January 22nd

Legislator Wants AEDs in More Public Places

January 22, 2007 - Joseph Sanfilippo, D-Binghamton (NY), would like to improve access to early defibrillation in Broome County, NY. A state law that goes into effect in September will require places of public assembly with a capacity of 1,000 or more to have a defibrillator on site and to have someone trained to use it. Sanfilippo plans to introduce county-wide legislation that would also mandate defibrillator programs in smaller-sized venues. He was motivated by the death last fall of Binghamton High School lacrosse player John Mack, who died after being struck in the chest with a lacrosse stick.

SCA Strikes During Paramedic Class

January 22, 2007 – NEW YORK – Jeffrey Sanger, 39, was preparing for his paramedic training class at the Emergency Medical Service Training Center in Fort Totten, Queens last Friday, when he began to have chest pains and become pale and sweaty. Like many heart attack victims, he protested that he was okay. Then he collapsed in full cardiac arrest.

It turned into a perfect teaching moment. Paramedic instructors immediately gave Sanger cardiopulmonary resuscitation (CPR) and then used a defibrillator to shock his heart back to life. His breathing and heartbeat were restored within minutes and he was talking to his rescuers. He was later in stable condition at Long Island Jewish Medical Center.

January 9th

Pittsburgh Sheriff Survives SCA

January 9, 2007– Acting Allegheny County Sheriff William P. Mullen, Jr. survived sudden cardiac arrest (SCA) while playing basketball, thanks to the quick actions of retired Pittsburgh police Sgt. Paul McComb and city Detective Paul Dugan, who provided cardiopulmonary resuscitation (CPR) and used an automated external defibrillator (AED) on Mullen. He was released from Mercy Hospital one week later.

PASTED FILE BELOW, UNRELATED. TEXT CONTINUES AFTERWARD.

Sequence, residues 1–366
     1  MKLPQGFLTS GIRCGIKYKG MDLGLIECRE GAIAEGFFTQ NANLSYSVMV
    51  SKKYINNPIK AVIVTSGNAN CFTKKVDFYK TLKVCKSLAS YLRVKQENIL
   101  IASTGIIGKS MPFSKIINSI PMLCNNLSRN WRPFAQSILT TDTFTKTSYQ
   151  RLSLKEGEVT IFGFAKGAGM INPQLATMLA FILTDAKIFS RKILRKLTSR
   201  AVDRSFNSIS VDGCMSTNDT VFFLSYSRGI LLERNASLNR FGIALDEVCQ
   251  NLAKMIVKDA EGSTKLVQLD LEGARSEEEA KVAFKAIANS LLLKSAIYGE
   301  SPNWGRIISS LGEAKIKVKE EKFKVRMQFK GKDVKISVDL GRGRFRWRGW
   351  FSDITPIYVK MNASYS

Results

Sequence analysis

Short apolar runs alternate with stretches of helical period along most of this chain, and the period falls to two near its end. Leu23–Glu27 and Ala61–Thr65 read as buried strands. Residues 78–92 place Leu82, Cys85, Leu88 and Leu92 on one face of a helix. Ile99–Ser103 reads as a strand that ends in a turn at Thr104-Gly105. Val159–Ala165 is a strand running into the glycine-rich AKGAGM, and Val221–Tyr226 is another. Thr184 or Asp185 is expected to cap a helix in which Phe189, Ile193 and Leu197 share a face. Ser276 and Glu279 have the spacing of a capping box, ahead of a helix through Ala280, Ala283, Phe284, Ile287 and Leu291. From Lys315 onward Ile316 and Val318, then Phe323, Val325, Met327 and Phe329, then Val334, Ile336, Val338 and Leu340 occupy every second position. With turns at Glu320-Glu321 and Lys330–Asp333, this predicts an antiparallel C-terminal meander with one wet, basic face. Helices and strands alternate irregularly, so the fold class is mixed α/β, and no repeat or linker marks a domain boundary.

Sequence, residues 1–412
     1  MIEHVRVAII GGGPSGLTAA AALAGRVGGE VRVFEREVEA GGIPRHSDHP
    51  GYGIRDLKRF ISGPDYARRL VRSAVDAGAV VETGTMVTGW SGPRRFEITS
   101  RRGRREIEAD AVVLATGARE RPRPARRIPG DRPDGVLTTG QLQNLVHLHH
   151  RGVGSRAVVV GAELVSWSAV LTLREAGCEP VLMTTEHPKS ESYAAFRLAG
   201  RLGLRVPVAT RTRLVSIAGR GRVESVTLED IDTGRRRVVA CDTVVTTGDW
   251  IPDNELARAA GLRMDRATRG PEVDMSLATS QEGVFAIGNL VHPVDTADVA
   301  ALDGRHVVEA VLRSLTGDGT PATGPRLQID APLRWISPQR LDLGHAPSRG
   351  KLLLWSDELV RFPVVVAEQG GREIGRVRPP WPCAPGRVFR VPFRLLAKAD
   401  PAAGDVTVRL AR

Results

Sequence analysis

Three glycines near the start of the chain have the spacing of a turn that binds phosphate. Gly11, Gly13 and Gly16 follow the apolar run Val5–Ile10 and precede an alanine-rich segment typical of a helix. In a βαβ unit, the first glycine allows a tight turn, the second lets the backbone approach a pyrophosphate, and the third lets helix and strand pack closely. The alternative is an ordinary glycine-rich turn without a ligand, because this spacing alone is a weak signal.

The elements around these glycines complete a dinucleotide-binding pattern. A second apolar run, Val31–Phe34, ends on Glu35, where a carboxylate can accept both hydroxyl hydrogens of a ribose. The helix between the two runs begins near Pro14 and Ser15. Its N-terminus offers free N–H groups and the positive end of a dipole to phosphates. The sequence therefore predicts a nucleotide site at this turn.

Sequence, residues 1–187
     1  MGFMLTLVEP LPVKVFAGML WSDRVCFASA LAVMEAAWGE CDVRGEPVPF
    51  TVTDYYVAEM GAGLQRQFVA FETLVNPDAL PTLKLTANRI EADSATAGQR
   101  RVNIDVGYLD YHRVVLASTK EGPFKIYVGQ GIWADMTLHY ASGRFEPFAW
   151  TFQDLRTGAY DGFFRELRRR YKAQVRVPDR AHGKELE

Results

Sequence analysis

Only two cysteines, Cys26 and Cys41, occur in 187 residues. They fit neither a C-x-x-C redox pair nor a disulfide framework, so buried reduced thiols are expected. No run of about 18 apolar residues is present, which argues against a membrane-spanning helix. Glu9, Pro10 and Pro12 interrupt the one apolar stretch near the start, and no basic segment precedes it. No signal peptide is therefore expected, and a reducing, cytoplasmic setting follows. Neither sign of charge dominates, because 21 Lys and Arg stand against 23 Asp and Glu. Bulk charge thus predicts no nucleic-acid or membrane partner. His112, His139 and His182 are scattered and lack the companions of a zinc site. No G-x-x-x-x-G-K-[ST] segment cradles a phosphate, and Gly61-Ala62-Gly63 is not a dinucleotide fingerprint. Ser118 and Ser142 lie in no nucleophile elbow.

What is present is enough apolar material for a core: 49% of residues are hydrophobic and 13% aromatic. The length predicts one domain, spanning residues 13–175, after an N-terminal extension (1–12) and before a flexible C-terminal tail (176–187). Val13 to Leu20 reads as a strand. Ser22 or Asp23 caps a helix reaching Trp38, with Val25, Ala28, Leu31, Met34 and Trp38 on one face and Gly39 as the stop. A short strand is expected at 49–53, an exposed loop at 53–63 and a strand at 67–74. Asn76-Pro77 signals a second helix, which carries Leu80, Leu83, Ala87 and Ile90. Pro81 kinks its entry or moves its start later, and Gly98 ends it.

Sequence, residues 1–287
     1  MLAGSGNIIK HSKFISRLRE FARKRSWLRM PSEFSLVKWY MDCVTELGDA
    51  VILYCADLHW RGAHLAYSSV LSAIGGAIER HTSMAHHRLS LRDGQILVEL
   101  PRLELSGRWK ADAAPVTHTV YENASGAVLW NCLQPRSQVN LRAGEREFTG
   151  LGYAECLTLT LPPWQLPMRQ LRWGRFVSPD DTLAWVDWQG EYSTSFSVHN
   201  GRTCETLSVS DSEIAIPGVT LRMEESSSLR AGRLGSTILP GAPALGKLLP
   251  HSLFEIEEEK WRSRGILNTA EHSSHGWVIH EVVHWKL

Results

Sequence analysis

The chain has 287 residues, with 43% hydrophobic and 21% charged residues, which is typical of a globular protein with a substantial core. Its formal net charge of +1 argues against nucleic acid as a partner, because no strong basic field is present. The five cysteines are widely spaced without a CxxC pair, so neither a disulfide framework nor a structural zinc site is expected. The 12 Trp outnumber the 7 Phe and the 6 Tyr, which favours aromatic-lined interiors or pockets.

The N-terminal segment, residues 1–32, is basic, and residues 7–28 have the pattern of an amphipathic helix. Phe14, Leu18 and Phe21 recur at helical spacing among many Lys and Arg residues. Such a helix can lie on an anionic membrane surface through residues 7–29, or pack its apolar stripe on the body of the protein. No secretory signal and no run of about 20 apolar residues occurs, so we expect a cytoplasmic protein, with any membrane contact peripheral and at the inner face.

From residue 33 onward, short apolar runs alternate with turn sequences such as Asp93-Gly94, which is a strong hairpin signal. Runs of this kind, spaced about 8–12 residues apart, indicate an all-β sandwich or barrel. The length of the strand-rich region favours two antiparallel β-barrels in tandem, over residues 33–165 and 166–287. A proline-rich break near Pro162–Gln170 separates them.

Mullen commended his rescuers and the crew from City of Pittsburgh Medic and all the doctors, nurses and staff who contributed to his care.

"I don't know how my family and I would have made it through this difficult time without the support of the law enforcement community. I look forward to getting back to work soon," added Mullen, who will continue cardiac rehabilitation.

January 4th

Legal Expert Advocates Revamping AED and 9-1-1 Laws - Model Legislation Proposed

January 4, 2007--Current AED laws impede the deployment of automated external defibrillators (AEDs) and do not protect all AED program participants from liability, according to Richard A. Lazar, Esq., a leading expert in AED program design and operations, risk management, law and public policy. According to Lazar, who serves as a member of the SCA Foundation Board of Directors, many state AED laws discourage bystander action and increase liability risks--despite the intentions of their authors. The SCA Foundation has endorsed Lazar's views.

Mission & Vision

The mission of the Sudden Cardiac Arrest (SCA) Foundation is to prevent death and disability from sudden cardiac arrest. The vision of the SCA Foundation is to increase awareness about sudden cardiac arrest and influence attitudinal and behavioral changes that will reduce mortality and morbidity from SCA.